By Gustavo Arellano
By R. Scott Moxley
By Alfonso Delgado
By Courtney Hamilton
By Joel Beers
By Peter Maguire
By Charles Lam
By Charles Lam
Last week's stunning announcement that California First Lady (no, not Ryan Seacrest) Maria Shriver would leave her position at NBC Dateline to concentrate on her official state duties sent shockwaves through American journalism with all the force of a truck rigged to explode on contact.
In newsrooms everywhere, reporters asked why their editors were such dickweeds, then asked if anyone had checked out the new receptionist and then asked who would take up Shriver's mantle and tell the nation about Czech sex slaves and Hollywood studio executives' wives unhappy with their Botox treatments.
Shriver said she came to the decision after it was obvious that being the governor's wife would mean her "journalistic integrity and that of NBC News will be constantly scrutinized"—which she apparently couldn't bear given that the last time NBC News came under scrutiny, people found out that Dateline had rigged trucks to explode on contact. Wasn't this apparent conflict of interest a problem during the campaign? Shriver doesn't say, despite the fact there was almost universal agreement among media critics that she really should eat something, even if it was only a piece of fruit.
Not that her reporting couldn't stand up to scrutiny. In the spring of 2000, while other reporters obsessed over the presidential campaign, only Shriver had the guts to take on the Czech sex industry, telling the story of Katya, who told Shriver she was forced to have sex with "around seven, eight, sometimes 11" men a night, to which Shriver, in a Murrow-McCarthy-esque moment of clarity, fired back:
"Did you ever say, 'Wait a minute, this is a big mistake. I don't want to do this'?"
Problem solved. As was the rampant problem of girl knife fights at parties. It was Shriver who brought to the nation's attention the emerging problem of high school kids going to parties. As she told a stunned—more than usual—Phil Donahue:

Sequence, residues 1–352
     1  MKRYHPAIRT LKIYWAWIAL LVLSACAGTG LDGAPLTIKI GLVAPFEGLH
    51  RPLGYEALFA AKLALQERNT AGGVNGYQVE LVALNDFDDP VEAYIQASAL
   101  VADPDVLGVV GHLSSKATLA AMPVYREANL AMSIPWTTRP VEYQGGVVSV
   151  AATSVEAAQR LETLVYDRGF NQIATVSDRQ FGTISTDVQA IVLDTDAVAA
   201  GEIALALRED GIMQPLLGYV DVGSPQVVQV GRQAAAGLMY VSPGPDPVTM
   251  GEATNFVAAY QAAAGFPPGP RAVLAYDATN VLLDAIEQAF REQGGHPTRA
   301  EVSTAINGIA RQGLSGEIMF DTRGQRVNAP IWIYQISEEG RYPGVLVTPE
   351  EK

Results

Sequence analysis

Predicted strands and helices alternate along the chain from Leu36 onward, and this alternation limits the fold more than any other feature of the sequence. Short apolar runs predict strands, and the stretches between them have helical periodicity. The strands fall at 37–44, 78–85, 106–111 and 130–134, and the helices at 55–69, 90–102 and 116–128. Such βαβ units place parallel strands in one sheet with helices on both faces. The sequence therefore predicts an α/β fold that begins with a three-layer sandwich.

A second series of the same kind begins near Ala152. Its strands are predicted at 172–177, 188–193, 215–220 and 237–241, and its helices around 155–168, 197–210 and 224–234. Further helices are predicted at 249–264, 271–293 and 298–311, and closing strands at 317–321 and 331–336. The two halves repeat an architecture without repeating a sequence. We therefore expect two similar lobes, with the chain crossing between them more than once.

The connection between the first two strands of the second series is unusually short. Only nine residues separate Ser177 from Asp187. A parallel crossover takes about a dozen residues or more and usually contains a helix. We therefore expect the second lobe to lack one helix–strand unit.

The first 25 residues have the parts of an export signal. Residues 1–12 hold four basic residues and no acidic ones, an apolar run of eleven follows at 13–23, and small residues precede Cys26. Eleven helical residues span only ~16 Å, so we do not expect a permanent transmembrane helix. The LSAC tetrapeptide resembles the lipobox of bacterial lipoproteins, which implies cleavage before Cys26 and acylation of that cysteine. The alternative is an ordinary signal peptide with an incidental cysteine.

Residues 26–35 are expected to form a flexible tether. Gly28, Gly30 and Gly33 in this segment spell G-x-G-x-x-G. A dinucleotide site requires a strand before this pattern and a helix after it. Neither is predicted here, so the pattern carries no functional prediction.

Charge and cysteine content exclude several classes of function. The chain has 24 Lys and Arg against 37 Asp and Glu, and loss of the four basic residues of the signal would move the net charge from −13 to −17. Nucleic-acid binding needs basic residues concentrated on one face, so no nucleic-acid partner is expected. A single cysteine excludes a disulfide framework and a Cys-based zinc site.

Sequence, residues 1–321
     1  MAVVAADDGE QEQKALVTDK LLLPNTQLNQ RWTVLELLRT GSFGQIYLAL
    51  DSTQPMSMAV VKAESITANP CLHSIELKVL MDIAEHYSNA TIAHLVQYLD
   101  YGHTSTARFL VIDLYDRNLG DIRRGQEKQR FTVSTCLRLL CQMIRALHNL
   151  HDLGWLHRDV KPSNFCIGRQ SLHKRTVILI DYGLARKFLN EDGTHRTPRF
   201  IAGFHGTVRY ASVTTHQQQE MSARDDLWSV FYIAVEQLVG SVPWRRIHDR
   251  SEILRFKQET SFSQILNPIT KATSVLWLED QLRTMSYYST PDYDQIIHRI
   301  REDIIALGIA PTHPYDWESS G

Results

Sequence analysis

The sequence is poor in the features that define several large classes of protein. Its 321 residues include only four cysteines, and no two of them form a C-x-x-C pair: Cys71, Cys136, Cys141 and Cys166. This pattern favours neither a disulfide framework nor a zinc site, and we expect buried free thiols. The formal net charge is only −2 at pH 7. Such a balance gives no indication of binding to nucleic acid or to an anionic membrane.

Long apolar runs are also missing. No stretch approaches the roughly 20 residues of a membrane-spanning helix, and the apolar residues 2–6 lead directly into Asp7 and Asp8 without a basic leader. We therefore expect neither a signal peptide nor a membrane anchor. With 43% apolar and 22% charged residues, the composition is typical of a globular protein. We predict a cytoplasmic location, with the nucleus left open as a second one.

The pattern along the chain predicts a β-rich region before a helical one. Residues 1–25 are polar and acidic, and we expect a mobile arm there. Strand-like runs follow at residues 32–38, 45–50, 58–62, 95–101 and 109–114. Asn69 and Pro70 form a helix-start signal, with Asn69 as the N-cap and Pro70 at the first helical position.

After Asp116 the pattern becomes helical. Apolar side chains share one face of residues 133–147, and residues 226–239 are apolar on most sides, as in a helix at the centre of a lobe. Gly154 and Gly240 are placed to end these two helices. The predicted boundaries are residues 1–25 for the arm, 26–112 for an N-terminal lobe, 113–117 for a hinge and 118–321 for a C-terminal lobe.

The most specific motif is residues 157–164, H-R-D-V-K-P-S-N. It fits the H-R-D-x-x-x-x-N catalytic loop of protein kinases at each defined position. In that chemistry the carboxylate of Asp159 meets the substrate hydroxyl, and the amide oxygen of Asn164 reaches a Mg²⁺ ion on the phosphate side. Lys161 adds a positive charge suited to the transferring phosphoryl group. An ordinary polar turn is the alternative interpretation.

"These kinds of parties are going on all over the country, with good families, nice neighborhoods, kids all coming together. They find out about a party . . . and next thing you know, they're at a party at a house that they don't even know who the host is. There's no chaperones. There's liquor. And you know, the fact is that kids do come to these parties today. Some come with knives."
But perhaps her greatest success has been in casting a light on the plight of the very rich and privileged, whether it's fellow dwindler Celine Dion or Irena Medavoy, wife of producer/former studio chief Mike Medavoy. In an hourlong report, Medavoy recounted for Shriver her experiences using Botox—specifically her disappointment that having botulism injected directly into her head was not the panacea she assumed it would be. Shriver astutely played up Medavoy's torment with heartbreaking visuals of her cutting flowers on her estate and playing board games in her zeppelin hangar of a bedroom.
With last week's announcement, though, one has to wonder: Who will do the stories of rich women who can't have everything they want? Indeed, Shriver is one now. So, for now, or at least until her husband is the subject of an Internet sex tape, she will have to be content with answering other reporters' questions about groping and Nazis. We can only hope that lunch is served.